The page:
His research data over the past few years has given tangible proof to assumptions that had been mainly anecdotal in nature, says Don Voth, executive director of the Memphis and Shelby County Mental Health Summit, an organization aimed at strengthening the mental health and substance abuse system in the community. "I really value his insight and his ability to ask the right questions," Voth says. "He's very respected within our community here."

Chang's research points out that in west Tennessee and Shelby County the majority of TennCare Partners enrollees are African-Americans who "traditionally - rightly or wrongly - have a distrust of the medical establishment on mental health matters," Chang says. As a result, the clients may be more reluctant to use the program's services. The extra money from the underutilized resources of the program ends up being used by other parts of the state.

The challenge is to find a way to better connect critically mentally ill individuals with the program. "What you need is a well-oiled, well-connected, integrated mental health system that can help those who cannot fend for themselves and let them into the system," Chang says.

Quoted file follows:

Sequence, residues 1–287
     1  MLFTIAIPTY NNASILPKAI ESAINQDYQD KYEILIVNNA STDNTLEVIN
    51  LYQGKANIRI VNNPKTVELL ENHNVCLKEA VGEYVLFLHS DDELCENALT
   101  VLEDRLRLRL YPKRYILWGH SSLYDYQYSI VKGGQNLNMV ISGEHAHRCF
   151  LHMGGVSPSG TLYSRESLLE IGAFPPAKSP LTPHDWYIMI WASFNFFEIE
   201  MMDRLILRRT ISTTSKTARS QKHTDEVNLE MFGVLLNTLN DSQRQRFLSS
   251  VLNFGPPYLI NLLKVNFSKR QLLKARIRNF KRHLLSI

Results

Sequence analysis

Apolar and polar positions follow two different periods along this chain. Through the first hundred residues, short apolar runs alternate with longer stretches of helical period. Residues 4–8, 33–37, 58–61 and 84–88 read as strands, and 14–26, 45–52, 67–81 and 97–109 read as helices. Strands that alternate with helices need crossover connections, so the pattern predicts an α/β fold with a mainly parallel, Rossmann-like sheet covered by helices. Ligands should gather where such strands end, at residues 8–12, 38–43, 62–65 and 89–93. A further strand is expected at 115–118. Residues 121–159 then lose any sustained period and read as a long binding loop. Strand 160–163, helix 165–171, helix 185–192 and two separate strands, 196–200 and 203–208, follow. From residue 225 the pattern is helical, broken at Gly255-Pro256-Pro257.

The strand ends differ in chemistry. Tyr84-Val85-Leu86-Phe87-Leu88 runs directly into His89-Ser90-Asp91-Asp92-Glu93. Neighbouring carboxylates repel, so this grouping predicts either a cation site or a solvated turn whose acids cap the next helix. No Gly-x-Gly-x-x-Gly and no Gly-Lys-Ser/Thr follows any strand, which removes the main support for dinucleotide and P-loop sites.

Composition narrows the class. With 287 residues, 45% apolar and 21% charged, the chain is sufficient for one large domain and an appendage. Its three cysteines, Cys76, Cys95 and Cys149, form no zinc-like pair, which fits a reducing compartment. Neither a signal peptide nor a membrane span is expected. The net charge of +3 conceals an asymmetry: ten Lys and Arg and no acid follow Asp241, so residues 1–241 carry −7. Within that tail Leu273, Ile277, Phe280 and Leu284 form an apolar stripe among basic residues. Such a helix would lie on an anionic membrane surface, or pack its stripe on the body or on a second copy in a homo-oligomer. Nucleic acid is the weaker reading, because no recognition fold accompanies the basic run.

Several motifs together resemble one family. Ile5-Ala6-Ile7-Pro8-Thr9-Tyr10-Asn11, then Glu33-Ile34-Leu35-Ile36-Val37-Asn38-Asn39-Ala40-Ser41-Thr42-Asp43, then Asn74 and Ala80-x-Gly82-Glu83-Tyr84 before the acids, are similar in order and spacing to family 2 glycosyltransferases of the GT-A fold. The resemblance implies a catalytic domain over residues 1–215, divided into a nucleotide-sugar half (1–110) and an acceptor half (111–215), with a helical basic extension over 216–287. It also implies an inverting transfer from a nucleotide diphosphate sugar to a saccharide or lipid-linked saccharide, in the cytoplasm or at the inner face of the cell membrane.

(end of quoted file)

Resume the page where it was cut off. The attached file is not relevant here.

The summit has appealed to Tennessee Department of Mental Health and Development Disabilities for more equitable distribution, and it continues to meet with government officials to improve the existing disparity, Voth says. The next step would be access to additional money to invest in pilot projects aimed at connecting clients more effectively with TennCare Partners, according to Voth.

"The struggle is ongoing," Chang says.

In fact, Chang mentions that he has a meeting later in the day related to the effort of bringing this issue to the attention of the state government. This underscores Cashman's comment on Chang: "His resolve is not just to report on the data, it's actually to see the reform through."

A carefully planned approach, persistence and patience are key. Kind of like swimming in choppy waters. Chang already has the breathing part down. Now, it's just a question of unknown distance, of an indefinite length of time.